Increased SSB consumption world-wide can be attributed to successful marketing, low cost, increased portion sizes, and high availability.3, 18 To induce sales and impulse purchases, retail establishments use price discounts and locate products in check-out aisles, in ‘special displays’, and at the end of aisles.23, 24

The price of SSBs has not kept up with inflation, for decades remaining consistently below the consumer price index.25 Low-income households purchase more SSBs and at lower prices than higher-income households.26 And SSBs cost less in relation to other goods in developing countries than in industrial countries.3

In 2008, to create a report for Congress, the US Federal Trade Commission subpoenaed information from 44 food and beverage companies on marketing practices and expenditures in the United States for 2006. Beverage companies spent US$492 million on youth-directed efforts, with 96 per cent of that amount directed to adolescents.27 Nearly $90 million was spent on teen-directed packaging and in-store marketing for carbonated beverages, by far the largest in-store expenditure. It represented 46 per cent of all youth-directed expenditures for packaging and in-store marketing.27

The WHO recognized ‘a need to ensure that the private sector markets its products responsibly’.4 The US government has encouraged self-regulation,28 and the largest beverage companies globally and in the United States29 are members of a self-regulatory body. The companies pledged to limit their marketing directed at youth in covered media (for example, television) according to internal nutritional guidelines, which notably exclude point-of-sale materials and packaging,30 where beverage companies spend substantially to promote SSBs to youth. Retail promotion remains unregulated.

Most countries, lacking legal protection of commercial speech, can liberally regulate marketing, as the WHO has advised. Most SSB marketing occurs through broadcast media, the internet, in schools, and in retail establishments.27 In Sweden, Norway, and the Canadian province of Quebec broadcast advertising restrictions are in place, but viewers may remain exposed through transmission from other countries.31 We suggest below how countries may regulate SSBs in schools and retail establishments.

National and Multi-National Regulatory Issues and Options

Sugar and caffeine are the two main ingredients of SSBs recognized as potential health concerns.32, 33 The US Food and Drug Administration (FDA) regulates the safety and packaging of food, including beverage products. In the 1970s, the FDA found that added sugar was generally recognized as safe (GRAS) at the levels being consumed at the time, as was caffeine when added to cola-type beverages.34 The agency sets no limit for sugar, but limits caffeine to 71 mg per 12-ounce cola-type drink. Since the FDA granted GRAS status for sugar and caffeine, the consumption of soft drinks has more than doubled and energy drinks have been introduced to the market.32 Added sugar consumption has doubled for most of the population,35 and almost tripled for teens, due largely to increased SSB intake.11, 12, 32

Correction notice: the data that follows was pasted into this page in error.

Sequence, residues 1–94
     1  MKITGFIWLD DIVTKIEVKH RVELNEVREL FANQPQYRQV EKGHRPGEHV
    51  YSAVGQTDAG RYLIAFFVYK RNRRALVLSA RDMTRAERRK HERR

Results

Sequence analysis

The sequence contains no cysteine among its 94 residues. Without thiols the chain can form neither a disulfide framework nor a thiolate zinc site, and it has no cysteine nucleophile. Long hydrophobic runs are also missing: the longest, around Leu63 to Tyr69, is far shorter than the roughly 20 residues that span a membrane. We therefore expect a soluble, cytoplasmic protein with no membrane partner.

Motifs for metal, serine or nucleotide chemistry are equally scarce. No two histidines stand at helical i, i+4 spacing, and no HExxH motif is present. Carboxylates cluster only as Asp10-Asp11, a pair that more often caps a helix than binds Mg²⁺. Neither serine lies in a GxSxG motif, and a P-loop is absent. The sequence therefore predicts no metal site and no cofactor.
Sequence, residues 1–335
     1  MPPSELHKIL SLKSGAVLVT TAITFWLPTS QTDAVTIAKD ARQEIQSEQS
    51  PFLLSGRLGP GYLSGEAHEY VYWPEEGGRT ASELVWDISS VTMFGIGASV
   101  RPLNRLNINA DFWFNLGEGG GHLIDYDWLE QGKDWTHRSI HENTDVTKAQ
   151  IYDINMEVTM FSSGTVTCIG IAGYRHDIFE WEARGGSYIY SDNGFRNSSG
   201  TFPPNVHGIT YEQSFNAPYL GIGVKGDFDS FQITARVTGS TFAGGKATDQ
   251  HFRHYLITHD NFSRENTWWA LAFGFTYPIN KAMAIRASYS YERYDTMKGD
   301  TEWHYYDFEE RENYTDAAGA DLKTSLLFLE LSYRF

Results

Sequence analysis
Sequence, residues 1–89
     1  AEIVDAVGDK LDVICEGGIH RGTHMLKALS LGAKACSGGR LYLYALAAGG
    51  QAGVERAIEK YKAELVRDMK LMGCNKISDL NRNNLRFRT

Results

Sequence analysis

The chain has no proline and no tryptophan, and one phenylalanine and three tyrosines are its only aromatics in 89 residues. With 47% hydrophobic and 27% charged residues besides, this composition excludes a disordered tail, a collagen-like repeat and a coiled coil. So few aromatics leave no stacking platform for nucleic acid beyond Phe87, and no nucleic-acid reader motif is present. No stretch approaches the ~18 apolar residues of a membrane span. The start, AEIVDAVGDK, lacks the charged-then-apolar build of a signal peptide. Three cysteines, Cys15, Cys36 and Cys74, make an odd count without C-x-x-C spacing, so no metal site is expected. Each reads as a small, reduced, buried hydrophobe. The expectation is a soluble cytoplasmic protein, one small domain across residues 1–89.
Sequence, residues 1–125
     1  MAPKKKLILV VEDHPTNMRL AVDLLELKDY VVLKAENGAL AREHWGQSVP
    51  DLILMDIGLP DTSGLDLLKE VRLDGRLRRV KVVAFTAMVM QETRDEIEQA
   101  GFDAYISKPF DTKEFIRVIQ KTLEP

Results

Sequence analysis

Energy drinks contain more sugar and as much as three times the amount of caffeine as other SSBs of the same size, and they are also sold in larger, non-resealable containers.36 A non-resealable soft drink is usually 12 ounces, while energy drinks come in 16 and 24 ounce cans, which contain more than 90 g of sugar and 240–500 mg of caffeine.36

Manufacturers of energy drinks often designate the products as dietary supplements and not beverages. As such, they fall under the regulatory guidelines of 1994 Dietary Supplement Health and Education Act, giving the FDA less regulatory control than under the Food Drug and Cosmetic Act.37 The FDA has not enforced caffeine limitations for soft drinks, but if the agency were to regulate SSBs, its limits would not apply to energy drinks self-designated as dietary supplements, unless the agency were to redefine the category.38 In December 2009, the FDA issued Guidance to Industry expressing concern that liquids are increasingly being marketed as dietary supplements instead of as beverages, but has taken no action since.39

In 1990, the US Congress passed the Nutrition Labeling and Education Act, which requires that total sugar, but not caffeine content, be disclosed on labels of beverages and dietary supplements.40 (Some manufacturers disclose caffeine voluntarily.) The FDA has the authority to require scientifically based warning labels on SSBs, similar to the Surgeon General's warning on tobacco products.41

In the EU, sugar disclosure is voluntary, unless a nutrient claim is made on packaging or in advertising, in which case it becomes mandatory. The EU does not require caffeine content be disclosed on cola-type beverages, but if the beverage contains caffeine in excess of 150 mg/l, the message, ‘High caffeine content’, must appear on the label.42

Recommendations for added sugar and caffeine consumption vary globally, but few countries have strong or quantitative recommendations. Governments may enact legal restrictions on the permissible quantity of sugar or caffeine in beverages and energy drinks,43 or seek voluntary reductions. In 2010, the UK Food Standards Agency, for example, recommended that SSB manufacturers reduce added sugar by 4 per cent by 2012.44 The newly elected Conservative government withdrew this recommendation.

Regulation through Taxation